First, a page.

Show-and-Tell: Helping Kids to Play Well With Others

Tasha Levert

Helping kids play well with others can be challenging at times. None of us, including our kids, are wired to share, put others first or choose kindness when things don’t go our way. Teaching healthy relationship skills to kids can be taught, however, with a little show-and-tell.

When I was a kid, I thought show-and-tell was magical. I rarely missed an opportunity to share a treasure with my class. I’ll never forget the time I brought my pet caterpillar . . . she didn’t make it past lunch but my friends thought I was really cool. Below are some ideas for helping kids make it past lunch in their relationships.


One way to teach kids to play well with others is to show them how to love people well. In other words, don’t expect your child to get along with their friends if you can’t get along with your spouse or friends.

Don’t expect your child to treat people with kindness when they don’t get their way if you can’t treat the waitress who messed up your order with kindness.

Don’t expect your child to control their anger if you can’t control the “momma bear” side of you.

Don’t expect your child to put others first if you demand teachers and coaches to put your child’s needs above the needs of the class or team as a whole.

Don’t expect your child to forgive your mistakes if you can’t forgive your parents or parent-in-laws for their mistakes.

Kids get their cues from you on how to treat people. Showing them how to live in community with others is a powerful way to model love and kindness.


Kids also need us to tell them how to do life with people. Our family is a party family. We enjoy having people over for simple evenings of backyard grilling and fun. Before our guests come to our house, we take a break from shoving clutter into closets to tell our kids the expectations and rules for the night. Our pre-party huddle usually sounds like this:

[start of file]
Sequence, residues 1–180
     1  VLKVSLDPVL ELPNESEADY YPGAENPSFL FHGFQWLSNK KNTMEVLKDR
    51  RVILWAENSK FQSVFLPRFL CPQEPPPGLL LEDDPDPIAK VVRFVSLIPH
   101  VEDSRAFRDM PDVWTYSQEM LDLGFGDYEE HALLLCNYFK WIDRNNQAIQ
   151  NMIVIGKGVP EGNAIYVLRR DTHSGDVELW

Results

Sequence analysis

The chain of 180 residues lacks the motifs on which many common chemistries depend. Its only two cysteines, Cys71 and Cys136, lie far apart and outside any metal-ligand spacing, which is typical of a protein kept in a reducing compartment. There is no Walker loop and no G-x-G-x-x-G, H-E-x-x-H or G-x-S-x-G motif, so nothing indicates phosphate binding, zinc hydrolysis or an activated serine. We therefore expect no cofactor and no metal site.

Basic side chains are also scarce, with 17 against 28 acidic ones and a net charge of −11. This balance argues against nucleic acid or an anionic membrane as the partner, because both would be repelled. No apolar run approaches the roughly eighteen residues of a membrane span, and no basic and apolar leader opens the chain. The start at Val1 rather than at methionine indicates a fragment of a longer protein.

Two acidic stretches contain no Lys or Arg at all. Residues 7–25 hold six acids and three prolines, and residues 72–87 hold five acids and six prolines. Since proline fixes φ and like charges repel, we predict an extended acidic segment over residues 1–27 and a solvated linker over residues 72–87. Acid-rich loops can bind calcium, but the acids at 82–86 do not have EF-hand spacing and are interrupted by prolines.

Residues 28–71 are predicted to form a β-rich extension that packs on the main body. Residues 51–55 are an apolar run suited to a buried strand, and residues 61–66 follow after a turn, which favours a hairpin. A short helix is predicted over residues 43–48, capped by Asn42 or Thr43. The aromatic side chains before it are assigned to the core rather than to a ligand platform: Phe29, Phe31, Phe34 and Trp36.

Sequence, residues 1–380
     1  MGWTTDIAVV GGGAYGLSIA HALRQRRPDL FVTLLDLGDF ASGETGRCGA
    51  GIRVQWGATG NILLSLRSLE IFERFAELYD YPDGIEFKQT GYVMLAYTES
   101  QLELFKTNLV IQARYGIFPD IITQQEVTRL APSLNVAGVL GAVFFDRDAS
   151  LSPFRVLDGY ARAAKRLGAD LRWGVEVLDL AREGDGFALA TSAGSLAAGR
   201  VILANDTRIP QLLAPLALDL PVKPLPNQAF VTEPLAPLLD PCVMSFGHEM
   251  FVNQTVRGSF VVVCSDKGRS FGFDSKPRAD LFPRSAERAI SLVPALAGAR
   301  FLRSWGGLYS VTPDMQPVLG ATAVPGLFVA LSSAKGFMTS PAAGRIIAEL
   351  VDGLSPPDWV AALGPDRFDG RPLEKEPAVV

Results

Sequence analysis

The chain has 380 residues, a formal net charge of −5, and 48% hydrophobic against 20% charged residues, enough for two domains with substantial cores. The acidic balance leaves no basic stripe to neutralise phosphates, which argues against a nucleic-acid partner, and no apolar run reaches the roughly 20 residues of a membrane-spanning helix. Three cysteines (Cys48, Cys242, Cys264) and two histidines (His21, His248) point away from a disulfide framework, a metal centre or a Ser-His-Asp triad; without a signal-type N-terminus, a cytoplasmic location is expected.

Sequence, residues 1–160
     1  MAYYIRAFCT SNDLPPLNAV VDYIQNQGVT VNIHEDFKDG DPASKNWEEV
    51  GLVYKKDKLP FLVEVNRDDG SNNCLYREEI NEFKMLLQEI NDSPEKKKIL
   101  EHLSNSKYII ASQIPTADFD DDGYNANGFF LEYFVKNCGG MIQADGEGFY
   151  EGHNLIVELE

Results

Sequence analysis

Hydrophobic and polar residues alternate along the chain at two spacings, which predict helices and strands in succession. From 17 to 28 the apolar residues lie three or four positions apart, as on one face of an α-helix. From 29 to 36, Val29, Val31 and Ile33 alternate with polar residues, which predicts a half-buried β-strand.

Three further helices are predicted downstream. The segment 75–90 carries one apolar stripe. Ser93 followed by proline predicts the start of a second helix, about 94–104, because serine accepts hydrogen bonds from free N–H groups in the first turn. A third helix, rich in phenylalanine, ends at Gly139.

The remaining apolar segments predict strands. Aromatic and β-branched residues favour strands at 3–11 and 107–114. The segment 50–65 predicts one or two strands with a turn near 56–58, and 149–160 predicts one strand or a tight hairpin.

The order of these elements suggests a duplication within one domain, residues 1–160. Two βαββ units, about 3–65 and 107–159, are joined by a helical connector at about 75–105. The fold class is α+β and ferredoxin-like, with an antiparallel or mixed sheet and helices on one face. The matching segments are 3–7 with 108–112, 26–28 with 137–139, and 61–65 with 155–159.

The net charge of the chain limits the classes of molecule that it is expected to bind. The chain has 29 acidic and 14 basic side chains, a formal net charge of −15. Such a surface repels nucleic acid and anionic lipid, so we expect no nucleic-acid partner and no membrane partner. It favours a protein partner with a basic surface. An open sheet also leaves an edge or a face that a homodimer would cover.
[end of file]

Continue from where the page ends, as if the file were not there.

Ok girls, we have friends coming over so let’s huddle-up and review the rules:

  1. Everyone is included. Leverts love people, and we don’t want anyone to feel left out or unwelcome. Make sure all of the kids at the party are involved in whatever you are playing. (If there is a special toy we don’t want guests to play with, then we hide it before the party begins.) 
  1. Guests come first. Leverts make people free special by letting them go first. Guests get to eat first at dinner and play first at games. 
  1. Have fun but obey the house rules. Leverts are fun, but do not break house rules just because your friends are here. (Review your rules: no hitting; no going in bedrooms, etc.) 

Ready? Break! Now go finish cleaning your mess before our friends get here!

Notice we don’t say, “Hey kids! We’re having a party!! So play nice.” We explain what it means to play well with others in behavioral terms: “everyone is included,” “guests go first,” “no hitting.” 

Relationships are messy sometimes (even for grown-ups) but life is lived best when it is shared with others. Kids are going to make relationship mistakes, so don’t get discouraged when your child yells, “MINE!” on a play date. Take a deep breath and lean in to the show-and-tell opportunity of this moment. Teaching your kids to love well sets them up for a rich and satisfying life and helping them play well with others can be as easy as show-and-tell.

Tasha Levert, Ph.D., is a licensed professional counselor in New Orleans who provides face-to-face and online care. She is a conference speaker, worship leader and the author of  Stories of Hope for the Sleep Deprived. Tasha and her husband Tim (Pastor with Students at the Vineyard Church of New Orleans) have three beautiful daughters and a lazy schnauzer named Gumbo. To find out more about Tasha or her practice go to or